Odyssey of The Mind Mental Health Awareness Festival @ USC

After writing and directing Happy Bird I felt the need to showcase the work in an arena that would actually foster the conversations that needed to be had and the traditional festival route didn't align with that. The audience was the community I was living in. I thought that we should build an event to show films focused on mental health advocacy because it is rare that the cause gets a spotlight. I didn't want it to be a somber event so I focused on the healing. I had been granted as Scholarship from the Saks Foundation for Mental Health Law, Policy, and Ethics and I was the first Cinema student to be honored with the prestigious award. With the opportunity to leverage that great foundation and the Media Institute of Social Change at USC I was able to build a team around the dream. With the help of Thalia Reyes we held a sound healing session before the event started. During the event we held 2 panels, one with 3 short films, another with a documentary on Bi-Polar Disorder. The student health center had a platform to offer their services to the students in attendance. Thanks to the help of the African American Cinema Society and Jason Sneed we organized an after party where we took over the stage and showcased artwork from some amazing LA based artists, served vegan food from Azla and had musical guests perform. The video below highlights the event and some of the healing we were able to bring to the community.

On October 30th, 2015 at USC the Saks Institute united with The Media Institute for Social Change, USC Counseling, The AACS and The Renaissance Group to put together the Odyssey of The Mind Mental Health Awareness Festival. Hosted by Saks Scholar and MISC Filmmaker, Osahon Tongo.


This experience means so much to me because it was a return to the sport that helped shape who I am today. My fraternity brother Norris Milton got hired as the JV Coach at Crenshaw Highschool and he asked me if I could coach. I was taking a full course load and TAing classes while organizing the mental health festival and I didn't want to half ass it. When I visited in the summer I grew a bond with the kids and couldn't turn my back on them. So 3 days a week I worked with these kids and had the best time of my life. It's beautiful seeing these kids evolve in to men.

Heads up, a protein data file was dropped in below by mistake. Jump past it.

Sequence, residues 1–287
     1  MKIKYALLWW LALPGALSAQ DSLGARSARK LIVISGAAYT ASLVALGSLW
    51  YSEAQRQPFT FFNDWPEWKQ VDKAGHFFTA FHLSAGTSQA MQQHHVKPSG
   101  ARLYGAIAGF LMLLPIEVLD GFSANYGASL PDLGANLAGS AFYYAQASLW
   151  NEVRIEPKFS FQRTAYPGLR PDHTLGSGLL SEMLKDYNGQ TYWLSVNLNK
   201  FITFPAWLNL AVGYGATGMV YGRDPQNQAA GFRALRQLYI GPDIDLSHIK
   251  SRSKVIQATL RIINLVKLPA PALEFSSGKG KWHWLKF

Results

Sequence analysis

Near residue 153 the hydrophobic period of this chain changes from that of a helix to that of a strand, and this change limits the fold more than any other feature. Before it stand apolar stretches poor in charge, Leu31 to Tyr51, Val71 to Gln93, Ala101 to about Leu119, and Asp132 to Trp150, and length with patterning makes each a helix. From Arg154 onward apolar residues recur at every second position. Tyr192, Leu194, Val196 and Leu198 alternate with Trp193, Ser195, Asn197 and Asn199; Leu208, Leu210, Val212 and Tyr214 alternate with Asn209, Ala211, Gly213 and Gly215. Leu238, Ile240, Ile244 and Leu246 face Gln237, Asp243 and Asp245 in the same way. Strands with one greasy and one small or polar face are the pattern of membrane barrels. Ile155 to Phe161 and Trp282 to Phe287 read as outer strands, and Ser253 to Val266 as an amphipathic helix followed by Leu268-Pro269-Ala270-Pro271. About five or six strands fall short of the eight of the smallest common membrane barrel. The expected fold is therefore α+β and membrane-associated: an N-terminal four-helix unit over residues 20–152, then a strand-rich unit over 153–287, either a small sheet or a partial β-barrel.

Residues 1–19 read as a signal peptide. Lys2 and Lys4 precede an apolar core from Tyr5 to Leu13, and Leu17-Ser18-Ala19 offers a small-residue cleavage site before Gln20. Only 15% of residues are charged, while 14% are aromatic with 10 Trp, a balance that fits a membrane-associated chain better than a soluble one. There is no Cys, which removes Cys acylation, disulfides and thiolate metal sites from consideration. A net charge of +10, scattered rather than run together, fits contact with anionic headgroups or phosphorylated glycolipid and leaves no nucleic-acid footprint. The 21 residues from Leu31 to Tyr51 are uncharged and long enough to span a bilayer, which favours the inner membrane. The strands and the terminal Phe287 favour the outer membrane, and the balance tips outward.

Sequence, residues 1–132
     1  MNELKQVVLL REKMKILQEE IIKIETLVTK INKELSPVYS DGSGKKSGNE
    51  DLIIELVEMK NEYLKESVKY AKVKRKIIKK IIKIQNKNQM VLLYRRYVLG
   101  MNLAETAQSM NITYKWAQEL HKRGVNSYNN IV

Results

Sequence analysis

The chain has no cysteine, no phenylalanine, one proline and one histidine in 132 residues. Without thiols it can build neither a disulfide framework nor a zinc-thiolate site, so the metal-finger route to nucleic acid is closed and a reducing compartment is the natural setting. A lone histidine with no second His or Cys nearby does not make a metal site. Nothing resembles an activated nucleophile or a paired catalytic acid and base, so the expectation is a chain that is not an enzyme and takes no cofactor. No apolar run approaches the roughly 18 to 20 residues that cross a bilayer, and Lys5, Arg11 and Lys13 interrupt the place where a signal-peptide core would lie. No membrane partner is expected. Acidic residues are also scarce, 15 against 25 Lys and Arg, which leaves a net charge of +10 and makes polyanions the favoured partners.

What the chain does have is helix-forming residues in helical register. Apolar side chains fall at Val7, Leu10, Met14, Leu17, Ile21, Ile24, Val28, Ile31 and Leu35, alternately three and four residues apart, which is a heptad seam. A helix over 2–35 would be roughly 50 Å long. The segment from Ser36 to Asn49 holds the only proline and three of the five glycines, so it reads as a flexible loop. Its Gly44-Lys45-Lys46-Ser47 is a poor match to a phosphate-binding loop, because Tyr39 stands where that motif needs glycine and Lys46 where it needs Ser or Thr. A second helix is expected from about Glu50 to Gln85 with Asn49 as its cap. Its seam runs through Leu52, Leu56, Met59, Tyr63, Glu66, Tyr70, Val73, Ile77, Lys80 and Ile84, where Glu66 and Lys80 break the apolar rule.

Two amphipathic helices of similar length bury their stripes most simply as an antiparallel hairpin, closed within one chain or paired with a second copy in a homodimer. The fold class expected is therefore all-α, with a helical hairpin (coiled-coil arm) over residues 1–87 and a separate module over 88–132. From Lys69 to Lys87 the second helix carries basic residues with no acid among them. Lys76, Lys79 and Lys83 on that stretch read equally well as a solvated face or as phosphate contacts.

Namye is an LA Based foundation started by Martise Dubose. It is a pop up love offering. A UHaul truck pulls up to a street on Skid Row and opens up with a jam band full of amazing artists. The concept was based on the though that people hand out cold sandwiches all the time but some times delivering love is what people need. Music is used as a healing mechanism with hot soul food to accompany it. Clothing and feminine products are also distributed in an effort to spread warmth and love to those less fortunate.



This Crockpot initiative created by Revolutionary Hippies is a bi-weekly pop up for kids in the Leimert Park community by Baldwin Hills Mall. In this space kids could do all of the things that we used to do growing up and parents could get a break from their busy schedules.



Experience producer, Jason Sneed invited me to create a scene for the LA Renaissance. This Valentines day experience is part of a series that aims to shift culture through art. A romantic movement in the Los Angeles art scene. This was my first flash mob writing, directing, and acting experience and it blew away the audience that had no idea what to expect.